To the Editor:
Anthony P. Carnevale’s essay, “The Nation Is Still at Risk: The Urgency of Workforce Preparation,” (April 28, 2023) is remarkable. Carnevale is right that we need a radical rethinking of how we cultivate skills in this country; that the current system impedes human flourishing and keeps individuals from reaching their potential; and that we must better integrate career and technical education across states and systems.
But there is also something more fundamental driving the skills mismatch that Carnevale notes is persistent in our country.
Carnevale observes, “Our present system leaves a lot to chance.” Yes!—because it prioritizes the needs of the system over the dignity of the individual and, therefore, limits a person’s ability to build learning pathways based on their unique aptitudes and interests. Nor does it consider the ultimate end goal: for each person to not only find a good job and earn a good living but to also find purpose in their lives.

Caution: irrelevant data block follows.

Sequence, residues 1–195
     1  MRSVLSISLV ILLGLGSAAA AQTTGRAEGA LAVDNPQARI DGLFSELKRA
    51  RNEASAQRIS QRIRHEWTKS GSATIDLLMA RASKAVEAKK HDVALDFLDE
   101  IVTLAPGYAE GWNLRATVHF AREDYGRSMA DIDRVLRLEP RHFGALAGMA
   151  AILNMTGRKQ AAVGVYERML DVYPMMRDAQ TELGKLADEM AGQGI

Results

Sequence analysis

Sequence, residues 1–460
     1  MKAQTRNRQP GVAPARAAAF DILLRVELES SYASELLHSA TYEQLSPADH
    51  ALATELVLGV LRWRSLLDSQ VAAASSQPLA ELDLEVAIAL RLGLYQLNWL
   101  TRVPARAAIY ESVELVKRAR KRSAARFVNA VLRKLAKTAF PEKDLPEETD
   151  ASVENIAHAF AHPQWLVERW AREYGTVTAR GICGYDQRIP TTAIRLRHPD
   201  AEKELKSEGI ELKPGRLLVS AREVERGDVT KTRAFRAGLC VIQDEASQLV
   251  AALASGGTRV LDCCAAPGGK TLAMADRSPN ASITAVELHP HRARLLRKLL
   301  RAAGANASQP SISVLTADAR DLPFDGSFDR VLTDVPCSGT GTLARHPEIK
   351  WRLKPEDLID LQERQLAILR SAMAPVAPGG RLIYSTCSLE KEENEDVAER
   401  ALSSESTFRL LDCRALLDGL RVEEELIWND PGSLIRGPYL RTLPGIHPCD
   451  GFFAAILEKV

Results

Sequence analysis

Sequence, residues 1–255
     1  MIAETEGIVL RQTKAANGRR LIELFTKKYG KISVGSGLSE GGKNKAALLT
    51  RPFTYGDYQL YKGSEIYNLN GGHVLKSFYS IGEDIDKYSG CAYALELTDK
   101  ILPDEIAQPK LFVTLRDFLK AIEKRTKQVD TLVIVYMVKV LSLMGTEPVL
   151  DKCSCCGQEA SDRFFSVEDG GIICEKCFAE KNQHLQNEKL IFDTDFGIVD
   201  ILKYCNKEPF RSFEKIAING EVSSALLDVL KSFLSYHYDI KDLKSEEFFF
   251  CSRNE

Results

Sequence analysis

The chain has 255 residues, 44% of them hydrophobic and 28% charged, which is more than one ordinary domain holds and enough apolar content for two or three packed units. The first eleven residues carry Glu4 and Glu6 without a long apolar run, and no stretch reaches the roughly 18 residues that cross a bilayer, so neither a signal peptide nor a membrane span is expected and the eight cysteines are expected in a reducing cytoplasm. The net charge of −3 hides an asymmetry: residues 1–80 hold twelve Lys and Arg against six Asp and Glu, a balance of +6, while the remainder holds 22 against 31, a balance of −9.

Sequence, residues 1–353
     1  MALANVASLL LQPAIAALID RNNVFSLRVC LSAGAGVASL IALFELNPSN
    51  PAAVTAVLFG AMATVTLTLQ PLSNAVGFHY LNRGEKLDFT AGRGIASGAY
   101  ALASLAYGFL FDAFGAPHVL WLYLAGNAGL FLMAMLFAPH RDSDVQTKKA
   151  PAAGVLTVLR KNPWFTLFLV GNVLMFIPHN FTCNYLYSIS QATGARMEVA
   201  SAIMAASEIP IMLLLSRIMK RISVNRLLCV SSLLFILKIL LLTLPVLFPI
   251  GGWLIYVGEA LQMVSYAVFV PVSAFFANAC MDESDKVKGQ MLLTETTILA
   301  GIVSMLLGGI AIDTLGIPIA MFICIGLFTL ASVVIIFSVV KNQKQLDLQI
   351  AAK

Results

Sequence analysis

Five years ago, BetterUp released a study that determined 9 in 10 Americans would take reduced pay in exchange for a more meaningful job. We’ve seen similar studies since then, including Populace’s American Workforce Index, an opinion survey of what the American public wants when it comes to work.
Organizations like the Make It Movement and the University of Maryland’s Intentional Life Lab are getting it right: Before talking about where to go to build skills, these organizations help students discover the work pathways that will inspire them.
There’s a lot riding on this shift for employers. McKinsey & Co. has warned, “Help your employees find purpose—or watch them leave.” But there’s more riding on it for workers. The country is facing an epidemic of burnout at work and, worse, addiction and depression.
As Carnevale said, “We cannot afford to wait.”
Charles Koch Foundation
A version of this article appeared in the June 14, 2023 edition of Education Week as Workers Need Preparation and Purpose